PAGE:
When I started this Spring Training series, I had my Top 5 list ready to go.
But, my editor/husband insisted that the Spring Training I attended should be included.
So, apologies Limestone League – the World War II-era years when teams held Spring Training north of the Mason-Dixon and east of the Mississippi. French Lick and Terre Haute. Bloomington and Muncie.
You’re off the list. (Maybe next year.)
Number 2 on my list of amazing Spring Trainings is the one I attended in St. Petersburg, Florida.
Many people believe that attending Spring Training is the mark of a true baseball fan.
To be a true baseball fan is to watch a 17-inning game, start to finish … and then watch it again when the local sports network replays it on Thanksgiving Day. (It will take six hours and seven minutes, in case you’re wondering. And, yes, we won.)
To be a true baseball fan is to watch your beloved team lose more often than it wins and still love them. To watch them lose 100 games in a single season. To watch them lose 21 in a row. And, still love them.
To be a true baseball fan is to say, “We’ll get ‘em tomorrow,” no matter the odds. And, mean it.
Spring Training, on the other hand, is just a lovely way to spend a vacation in Florida (or Arizona) during the chilly, waning days of winter. Sandwiching ballgames with a little beach time or tee time or margarita time.
For a few years in the 1990s, the St. Louis Cardinals shared St. Petersburg, Florida and Al Lang Stadium with the Baltimore Orioles.
So, in 1992, I went to Spring Training by myself. I was much younger of course (12 would be a good guess, but since I was driving a rental car and drinking beer, though not at the same time, perhaps I was a bit older).
While Spring Training is a great vacation for fans, it isn’t really baseball.
Oh, they play games and all. But, they don’t count. The players are there to warm up or to earn a place in the real season.
1970s-era reliever Sparky Lyle admitted he would avoid signing his contract until Spring Training was nearly over so he wouldn’t have to go so early. Once he arrived, he used the games merely as an opportunity to heat up his fast ball. He didn’t care how many home runs the opponents scored. It wasn’t the point.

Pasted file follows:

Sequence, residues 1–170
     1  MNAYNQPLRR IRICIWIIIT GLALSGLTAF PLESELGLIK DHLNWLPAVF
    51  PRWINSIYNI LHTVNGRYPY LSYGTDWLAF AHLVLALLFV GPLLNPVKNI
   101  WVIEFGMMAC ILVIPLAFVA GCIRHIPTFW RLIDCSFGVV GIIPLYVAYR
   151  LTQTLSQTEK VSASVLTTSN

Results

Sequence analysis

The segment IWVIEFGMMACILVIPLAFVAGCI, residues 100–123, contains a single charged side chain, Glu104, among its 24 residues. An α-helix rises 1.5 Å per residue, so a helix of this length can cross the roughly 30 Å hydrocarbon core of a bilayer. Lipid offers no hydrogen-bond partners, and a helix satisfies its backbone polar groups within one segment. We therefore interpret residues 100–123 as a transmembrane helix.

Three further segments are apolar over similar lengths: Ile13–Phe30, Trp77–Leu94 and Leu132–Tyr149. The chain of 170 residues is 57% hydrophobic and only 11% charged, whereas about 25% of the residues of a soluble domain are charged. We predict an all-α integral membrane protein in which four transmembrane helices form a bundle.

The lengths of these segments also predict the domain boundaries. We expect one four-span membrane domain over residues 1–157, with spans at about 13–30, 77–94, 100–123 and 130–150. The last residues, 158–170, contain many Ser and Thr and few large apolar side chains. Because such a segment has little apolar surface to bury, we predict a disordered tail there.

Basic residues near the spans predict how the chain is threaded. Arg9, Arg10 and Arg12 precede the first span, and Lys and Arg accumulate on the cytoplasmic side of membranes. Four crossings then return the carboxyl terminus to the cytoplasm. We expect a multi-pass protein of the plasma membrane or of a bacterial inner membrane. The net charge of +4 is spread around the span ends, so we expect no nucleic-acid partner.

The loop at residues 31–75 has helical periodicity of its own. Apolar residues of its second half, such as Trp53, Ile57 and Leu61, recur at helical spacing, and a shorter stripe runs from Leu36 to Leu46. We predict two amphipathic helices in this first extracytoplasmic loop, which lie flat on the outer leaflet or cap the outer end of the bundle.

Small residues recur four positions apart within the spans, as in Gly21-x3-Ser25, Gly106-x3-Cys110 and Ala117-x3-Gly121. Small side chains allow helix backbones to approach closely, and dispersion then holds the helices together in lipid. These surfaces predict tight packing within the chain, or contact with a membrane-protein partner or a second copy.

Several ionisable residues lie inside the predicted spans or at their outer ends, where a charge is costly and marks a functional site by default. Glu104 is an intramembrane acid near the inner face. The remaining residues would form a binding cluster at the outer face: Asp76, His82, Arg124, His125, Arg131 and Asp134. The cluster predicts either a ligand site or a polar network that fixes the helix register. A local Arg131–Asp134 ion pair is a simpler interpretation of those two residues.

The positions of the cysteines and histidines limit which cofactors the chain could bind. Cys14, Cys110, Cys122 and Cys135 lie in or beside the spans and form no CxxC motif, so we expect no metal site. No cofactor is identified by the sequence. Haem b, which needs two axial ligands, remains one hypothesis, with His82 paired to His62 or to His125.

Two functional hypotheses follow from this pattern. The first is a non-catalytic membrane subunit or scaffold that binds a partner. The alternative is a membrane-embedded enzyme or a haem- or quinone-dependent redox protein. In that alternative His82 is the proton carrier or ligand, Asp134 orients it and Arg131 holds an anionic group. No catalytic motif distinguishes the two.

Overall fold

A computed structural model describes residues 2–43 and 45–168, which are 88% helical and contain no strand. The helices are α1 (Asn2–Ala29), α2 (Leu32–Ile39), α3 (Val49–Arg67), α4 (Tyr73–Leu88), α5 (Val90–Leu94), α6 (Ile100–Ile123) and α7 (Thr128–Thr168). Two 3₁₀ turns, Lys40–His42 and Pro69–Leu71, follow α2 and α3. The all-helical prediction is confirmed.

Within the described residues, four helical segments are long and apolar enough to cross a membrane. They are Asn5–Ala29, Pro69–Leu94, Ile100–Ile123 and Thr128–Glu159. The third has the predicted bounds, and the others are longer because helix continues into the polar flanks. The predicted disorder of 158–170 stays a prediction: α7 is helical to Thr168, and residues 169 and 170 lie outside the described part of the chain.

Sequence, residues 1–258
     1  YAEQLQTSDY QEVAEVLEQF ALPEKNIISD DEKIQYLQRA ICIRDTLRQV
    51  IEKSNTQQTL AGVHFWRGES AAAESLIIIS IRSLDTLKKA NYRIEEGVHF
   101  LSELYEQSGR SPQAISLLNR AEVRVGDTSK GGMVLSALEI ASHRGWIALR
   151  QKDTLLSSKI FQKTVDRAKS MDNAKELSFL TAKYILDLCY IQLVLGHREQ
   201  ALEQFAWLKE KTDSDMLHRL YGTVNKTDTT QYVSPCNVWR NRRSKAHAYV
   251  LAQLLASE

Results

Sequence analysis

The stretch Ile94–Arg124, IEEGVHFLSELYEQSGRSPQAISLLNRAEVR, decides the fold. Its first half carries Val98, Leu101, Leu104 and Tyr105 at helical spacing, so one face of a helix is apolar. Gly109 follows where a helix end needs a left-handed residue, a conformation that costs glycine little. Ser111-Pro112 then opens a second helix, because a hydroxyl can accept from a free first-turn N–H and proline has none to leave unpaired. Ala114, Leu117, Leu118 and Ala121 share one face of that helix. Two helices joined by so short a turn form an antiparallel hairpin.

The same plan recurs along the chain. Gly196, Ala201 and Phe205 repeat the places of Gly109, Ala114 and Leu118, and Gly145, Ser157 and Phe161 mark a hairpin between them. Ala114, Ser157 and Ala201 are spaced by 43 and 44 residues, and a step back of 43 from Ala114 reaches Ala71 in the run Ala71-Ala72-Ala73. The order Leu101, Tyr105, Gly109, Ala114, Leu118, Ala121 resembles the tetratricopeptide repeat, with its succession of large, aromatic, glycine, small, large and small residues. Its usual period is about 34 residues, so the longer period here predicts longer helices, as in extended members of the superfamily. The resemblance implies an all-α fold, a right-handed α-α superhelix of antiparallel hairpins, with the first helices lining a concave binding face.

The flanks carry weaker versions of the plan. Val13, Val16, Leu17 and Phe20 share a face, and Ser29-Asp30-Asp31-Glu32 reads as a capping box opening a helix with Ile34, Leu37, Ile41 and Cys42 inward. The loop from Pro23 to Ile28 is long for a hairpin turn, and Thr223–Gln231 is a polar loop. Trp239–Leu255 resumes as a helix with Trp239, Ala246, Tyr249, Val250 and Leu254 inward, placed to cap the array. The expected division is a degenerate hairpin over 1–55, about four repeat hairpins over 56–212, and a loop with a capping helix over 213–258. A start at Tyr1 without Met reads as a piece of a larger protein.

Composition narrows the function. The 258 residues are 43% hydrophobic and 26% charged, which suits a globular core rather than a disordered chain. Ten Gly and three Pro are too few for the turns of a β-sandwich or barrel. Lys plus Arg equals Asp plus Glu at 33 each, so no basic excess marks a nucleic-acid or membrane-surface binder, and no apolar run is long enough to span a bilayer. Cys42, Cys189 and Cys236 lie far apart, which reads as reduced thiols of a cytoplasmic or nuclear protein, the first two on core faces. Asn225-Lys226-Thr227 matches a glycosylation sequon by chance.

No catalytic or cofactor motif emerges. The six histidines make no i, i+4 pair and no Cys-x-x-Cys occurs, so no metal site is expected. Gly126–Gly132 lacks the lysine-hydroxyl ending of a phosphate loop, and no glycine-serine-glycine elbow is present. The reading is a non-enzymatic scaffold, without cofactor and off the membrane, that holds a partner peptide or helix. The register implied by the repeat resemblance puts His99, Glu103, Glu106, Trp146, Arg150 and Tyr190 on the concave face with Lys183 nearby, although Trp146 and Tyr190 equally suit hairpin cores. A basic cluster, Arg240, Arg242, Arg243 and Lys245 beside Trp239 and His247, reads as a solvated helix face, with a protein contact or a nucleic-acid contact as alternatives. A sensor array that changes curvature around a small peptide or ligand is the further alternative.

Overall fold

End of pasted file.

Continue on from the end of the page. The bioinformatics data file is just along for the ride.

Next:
Baseball history is littered with players holding out, not showing up, or simply disappearing when Spring Training arrived.
In 1943, New York Giants pitcher Carl Hubbell was so unhappy that his team was forced (by restrictions imposed during World War II) to hold their Spring Training in icy New Jersey, that he refused to go outside and spent the entire month playing ping-pong, according to Charles Fountain in his wonderful book “Under the March Sun”.
Spring Training is an important time for players, especially for those young rookies and aging veterans who are working hard just to make the team. For some regulars, it’s about getting back into the groove. For others, it’s about golfing in the afternoon.
Spring Training for fans is a time to put on sun screen and talk to the people around you about how cold it was back home the day you left.
Sometimes I think we fans are simply intruding. We’re trying to make Spring Training into an “experience”. Cities in Florida and Arizona spend multi-millions of taxpayer dollars to attract teams. For them, Spring Training is a huge tourist draw.
But, Spring Training at its core is just a warm-up, a rehearsal.
Sure, it’s wonderful to see the players again, and Spring Training can get you much closer than you’ve ever been before.